On June 30 I posted “What is California link to Canadian E. coli cases linked to Romaine Lettuce?” And, now slowly – very slowly – information is coming out – sort of.
On July 13 Food Safety News reported:
That in late April, at least 30 people fell ill with E. coli O157:H7 infections after eating at Jungle Jim’s restaurant in Miramichi, New Brunswick. Two months later, when Canadian health officials finally linked the illnesses to romaine lettuce served at the restaurant, they also announced that matching infections had cropped up in both California and Quebec.
But that was all the information they provided, and it prompted a number of questions about the California connection: Did Californians travel to New Brunswick and eat at Jungle Jim’s, or did the infections occur in California? Were they infected near late April? Did the E. coli strains match genetically? Did they eat romaine lettuce?
For more than a week, no one would say. But on Thursday, the California Department of Public Health provided Food Safety News with some answers.
The California infections occurred in California — none of the people sickened had been traveling to Canada. The state health department spokesman would not say how many Californians were involved in the outbreak.
Today eFoodalert reported that Romaine lettuce grown on a California farm is the probable source of E. coli O157:H7 illnesses that were reported in April and May in California, New Brunswick and Quebec:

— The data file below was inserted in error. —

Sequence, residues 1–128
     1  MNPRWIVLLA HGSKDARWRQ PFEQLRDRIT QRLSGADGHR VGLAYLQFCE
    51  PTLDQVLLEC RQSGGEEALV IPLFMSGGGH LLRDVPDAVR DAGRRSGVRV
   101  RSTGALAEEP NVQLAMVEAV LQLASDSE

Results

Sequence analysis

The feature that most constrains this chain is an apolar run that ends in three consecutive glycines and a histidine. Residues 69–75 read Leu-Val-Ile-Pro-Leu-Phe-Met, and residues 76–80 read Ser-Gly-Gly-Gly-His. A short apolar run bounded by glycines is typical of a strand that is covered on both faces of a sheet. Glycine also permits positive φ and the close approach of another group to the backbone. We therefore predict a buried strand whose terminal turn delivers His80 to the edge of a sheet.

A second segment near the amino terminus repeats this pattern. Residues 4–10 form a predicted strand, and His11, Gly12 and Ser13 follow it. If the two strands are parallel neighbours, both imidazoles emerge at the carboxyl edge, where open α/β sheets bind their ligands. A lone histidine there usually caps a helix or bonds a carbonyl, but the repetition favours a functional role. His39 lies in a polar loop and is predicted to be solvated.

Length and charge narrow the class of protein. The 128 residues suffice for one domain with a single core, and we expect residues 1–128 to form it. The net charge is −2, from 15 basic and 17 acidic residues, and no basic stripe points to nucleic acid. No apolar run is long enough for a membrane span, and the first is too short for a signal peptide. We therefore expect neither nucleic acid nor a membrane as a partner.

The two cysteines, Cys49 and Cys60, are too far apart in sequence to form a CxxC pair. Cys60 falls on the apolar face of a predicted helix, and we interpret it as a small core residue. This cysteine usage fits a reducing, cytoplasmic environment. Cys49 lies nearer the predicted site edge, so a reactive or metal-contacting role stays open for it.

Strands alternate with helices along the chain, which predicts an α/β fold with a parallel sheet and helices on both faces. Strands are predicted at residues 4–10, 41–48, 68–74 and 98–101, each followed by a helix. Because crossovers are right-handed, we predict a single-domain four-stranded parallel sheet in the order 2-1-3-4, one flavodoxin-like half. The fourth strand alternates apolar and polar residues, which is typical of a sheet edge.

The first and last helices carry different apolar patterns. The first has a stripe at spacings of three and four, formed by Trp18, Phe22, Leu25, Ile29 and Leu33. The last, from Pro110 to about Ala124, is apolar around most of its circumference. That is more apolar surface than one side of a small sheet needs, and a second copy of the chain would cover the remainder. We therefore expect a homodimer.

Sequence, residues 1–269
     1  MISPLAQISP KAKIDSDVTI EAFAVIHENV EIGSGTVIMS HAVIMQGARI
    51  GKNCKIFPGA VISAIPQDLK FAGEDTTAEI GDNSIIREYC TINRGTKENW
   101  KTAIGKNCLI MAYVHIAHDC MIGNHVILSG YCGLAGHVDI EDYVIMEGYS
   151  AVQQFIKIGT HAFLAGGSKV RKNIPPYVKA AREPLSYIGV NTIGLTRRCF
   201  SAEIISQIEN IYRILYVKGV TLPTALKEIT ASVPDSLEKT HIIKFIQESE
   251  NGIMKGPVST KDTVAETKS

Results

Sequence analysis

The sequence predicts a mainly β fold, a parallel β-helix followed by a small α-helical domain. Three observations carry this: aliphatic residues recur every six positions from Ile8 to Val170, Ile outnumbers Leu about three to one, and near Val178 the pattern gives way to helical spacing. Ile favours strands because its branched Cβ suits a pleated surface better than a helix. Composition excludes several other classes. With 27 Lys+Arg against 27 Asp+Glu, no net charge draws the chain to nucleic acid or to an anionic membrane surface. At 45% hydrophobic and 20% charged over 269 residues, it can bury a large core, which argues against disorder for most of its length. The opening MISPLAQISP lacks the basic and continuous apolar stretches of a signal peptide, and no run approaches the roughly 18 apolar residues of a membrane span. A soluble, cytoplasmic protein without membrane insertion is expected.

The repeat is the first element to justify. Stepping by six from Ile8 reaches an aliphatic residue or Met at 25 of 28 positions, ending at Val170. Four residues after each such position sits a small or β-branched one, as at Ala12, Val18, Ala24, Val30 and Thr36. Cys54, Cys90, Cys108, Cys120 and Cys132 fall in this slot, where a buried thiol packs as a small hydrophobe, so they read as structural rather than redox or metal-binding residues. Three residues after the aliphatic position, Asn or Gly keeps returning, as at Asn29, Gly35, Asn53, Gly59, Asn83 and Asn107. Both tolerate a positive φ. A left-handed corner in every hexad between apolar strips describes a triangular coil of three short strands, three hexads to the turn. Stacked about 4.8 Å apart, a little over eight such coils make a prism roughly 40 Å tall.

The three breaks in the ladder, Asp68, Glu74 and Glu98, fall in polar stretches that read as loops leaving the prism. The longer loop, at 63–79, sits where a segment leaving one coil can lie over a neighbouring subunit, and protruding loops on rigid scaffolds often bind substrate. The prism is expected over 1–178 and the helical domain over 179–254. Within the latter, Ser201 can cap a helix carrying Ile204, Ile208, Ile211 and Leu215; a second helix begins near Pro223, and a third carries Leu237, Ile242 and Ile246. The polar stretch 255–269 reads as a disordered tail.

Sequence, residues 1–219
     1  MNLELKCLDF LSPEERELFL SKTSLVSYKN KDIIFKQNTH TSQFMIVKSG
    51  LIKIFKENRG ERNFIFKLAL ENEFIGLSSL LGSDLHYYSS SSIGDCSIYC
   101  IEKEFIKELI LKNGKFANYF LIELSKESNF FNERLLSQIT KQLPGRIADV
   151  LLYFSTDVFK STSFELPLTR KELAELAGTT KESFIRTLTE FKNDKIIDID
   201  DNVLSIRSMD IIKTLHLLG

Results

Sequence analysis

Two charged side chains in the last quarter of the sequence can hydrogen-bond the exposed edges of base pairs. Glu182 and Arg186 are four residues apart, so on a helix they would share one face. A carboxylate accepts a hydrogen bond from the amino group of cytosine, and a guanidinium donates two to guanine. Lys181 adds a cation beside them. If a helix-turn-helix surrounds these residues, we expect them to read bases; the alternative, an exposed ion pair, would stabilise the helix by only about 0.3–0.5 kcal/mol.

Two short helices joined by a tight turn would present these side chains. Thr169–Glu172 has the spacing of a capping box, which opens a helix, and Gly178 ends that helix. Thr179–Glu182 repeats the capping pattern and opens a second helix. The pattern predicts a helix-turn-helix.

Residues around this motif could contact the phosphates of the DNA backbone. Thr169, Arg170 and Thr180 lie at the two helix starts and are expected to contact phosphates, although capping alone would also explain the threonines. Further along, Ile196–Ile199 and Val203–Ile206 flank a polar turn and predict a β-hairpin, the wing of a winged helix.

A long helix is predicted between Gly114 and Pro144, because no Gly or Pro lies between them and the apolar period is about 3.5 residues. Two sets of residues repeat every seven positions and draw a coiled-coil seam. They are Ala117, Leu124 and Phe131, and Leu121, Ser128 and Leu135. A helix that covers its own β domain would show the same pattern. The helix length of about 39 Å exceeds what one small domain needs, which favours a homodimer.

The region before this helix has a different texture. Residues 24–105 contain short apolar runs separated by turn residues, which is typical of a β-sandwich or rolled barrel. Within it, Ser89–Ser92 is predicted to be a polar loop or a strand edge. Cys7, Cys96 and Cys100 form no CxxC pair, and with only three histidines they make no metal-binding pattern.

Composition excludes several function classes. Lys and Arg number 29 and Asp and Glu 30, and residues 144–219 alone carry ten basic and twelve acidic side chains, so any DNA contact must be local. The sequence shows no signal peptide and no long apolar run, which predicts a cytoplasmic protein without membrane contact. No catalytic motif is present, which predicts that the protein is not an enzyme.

The binational outbreak sickened at least 18 people in New Brunswick (Canada) and nine residents of California. At least one resident of Quebec also was infected with the same outbreak strain.
California was notified in May by the US Centers for Disease Control and Prevention (CDC) that CDC had learned of an outbreak in Canada, caused by the same strain of E. coli O157:H7 as the California illnesses. Traceback investigations carried out by Canada and California both led to a single California farm that supplied lettuce to the California restaurant and to Jungle Jim’s in New Brunswick. Lettuce from the implicated fields was also supplied to Quebec.
Unfortunately, tracing the source of the lettuce did not lead to the source of the contamination. According to Ronald Owens, FDA and California followed up at the farm, but could not identify what might have led to the contamination. “The field had long since been harvested at the time of the investigation,” Owens explained in his email to me, “and all lettuce from the implicated lots had long since been consumed or disposed.”
I had an interesting talk with CBC radio on the lack of transparancy when in comes to California leafy greens:
Bill Marler is the top foodborne illness lawyer in the United States and the publisher of a daily, online newspaper called Food Safety News. That publication features an article about the struggle to get straight answers from public health officials on both sides of the border about the outbreak in Miramichi and a possible connection to California.